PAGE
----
Three cheers for Missoula’s grocery stores!

My kids know they can score a free cookie at the bakery counter when we shop at Rosauers. At 8 and 11 years old now, they’re too big to fit in those car shopping carts anymore, but they still have fond memories of tooling around the aisles, spinning the steering wheel, munching cookies.

Now, prompted by a social media storm about a grocery store that gives out free fruit to kids 12 and younger, three Missoula grocery stores are doing the same, only instead of cookies they’re offering fruit. My kids love fruit of all kinds, so they’ll be thrilled.

But maybe not as thrilled as they are to get free cookies.

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Plan ahead, sign up to help feed hungry children this summer

Thanks to Missoula’s breakfast and lunch programs, school-age children in low-income families don’t have to worry about going hungry during the school year.

It’s a different story in the summer months – unless people step up to help out with programs like the Summer Food Service Program. The program is actively looking for sponsors to help it get its ducks all lined up before the end of the school year.

Check it out, below:

Sponsors Needed for Summer Food Service Program

Help End Childhood Summer Hunger

Helena, MT— Now is the time for communities to start making plans to sponsor a Summer Food Service Program. The Montana Office of Public Instruction (OPI) is accepting applications for the 2014 Summer Food Service Program from public and private nonprofit schools as well as local government agencies and private nonprofit organizations that are interested in sponsoring a Summer Food Service Program.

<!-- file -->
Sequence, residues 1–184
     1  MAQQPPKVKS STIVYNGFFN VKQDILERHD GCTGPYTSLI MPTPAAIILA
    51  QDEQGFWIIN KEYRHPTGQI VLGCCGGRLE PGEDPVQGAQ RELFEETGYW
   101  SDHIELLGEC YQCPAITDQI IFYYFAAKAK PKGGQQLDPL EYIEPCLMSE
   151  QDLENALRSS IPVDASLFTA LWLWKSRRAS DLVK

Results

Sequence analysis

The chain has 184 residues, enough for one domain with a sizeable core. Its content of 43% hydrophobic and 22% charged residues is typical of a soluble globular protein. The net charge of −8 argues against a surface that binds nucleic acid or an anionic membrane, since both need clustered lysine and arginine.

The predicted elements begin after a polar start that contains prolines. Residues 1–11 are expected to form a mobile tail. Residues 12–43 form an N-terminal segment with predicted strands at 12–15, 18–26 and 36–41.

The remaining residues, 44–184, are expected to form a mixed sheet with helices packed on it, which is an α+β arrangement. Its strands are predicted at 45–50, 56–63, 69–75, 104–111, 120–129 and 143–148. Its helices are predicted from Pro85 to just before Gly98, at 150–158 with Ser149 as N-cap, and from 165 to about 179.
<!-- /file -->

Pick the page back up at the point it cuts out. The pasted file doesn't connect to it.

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Halloween can be hell – on orthodontia

I really do love Halloween. Swear.

I don’t intend to be the Debbie Downer of Halloween – although that would make a pretty sweet costume.

See, my inbox is just overflowing with Halloween warnings from various groups. Here’s one subject line that caught my eye: “It’s scary what Halloween candy can do to orthodontic treatment.”

My kids don’t have braces (yet). But they are sporting roughly five loose teeth between the two of them. As awesome as it would be to have some of those teeth pulled out by candy, a visit from the Tooth Fairy on Halloween night is more than this momma wants to take on.

In any case, I was also intrigued by the list of orthodontia-friendly Halloween recipes. Aren’t Halloween-themed foods fun? The Missoulian ran an interesting Foods page feature yesterday on making “noir-hued” treats for grownups.

Bill Hogan/Chicago Tribune

That right there is a picture of sauteed octopus over squid-ink pasta. I wouldn’t eat it, but hey.

Here’s the press release from the American Association of Orthodontists in full. Click on the link I included to see the recipes and photos (my favorite is probably the Spider Bites):

It’s scary what Halloween candy can do to orthodontics treatment.

With October 31 just around the corner, kids with braces will be tempted to chew on sticky candy that could tear off brackets and delay treatment.

But parents- don’t fear! For those of you hosting Halloween parties for adolescents with braces, try out these recipes for orthodontist-approved treats!

Frightful Finger Cookies

Goblin’s Gooey Apples

Halloween Parfait

Spider Bites

Goblin Goodies

Graveyard Shakes

Mounds of Brains Cookies

Witch’s Crystal Ball

Happy Halloween!


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Baby formula a top target for shoplifters

Last week ABC News carried an in-depth story about the dramatic numbers of thefts involving formula for infants.

It’s on a scale that suggests this formula is not being stolen by desperate parents; rather, it’s become a hot item for organized retail thieves.

In response, the International Formula Council and others are asking U.S. Congress members to make baby formula theft an offense subject to federal racketeering laws.

These groups want to crack down on the formula thefts not only because it’s a growing crime, but also because it presents a potential hazard to infants who are fed stolen formula: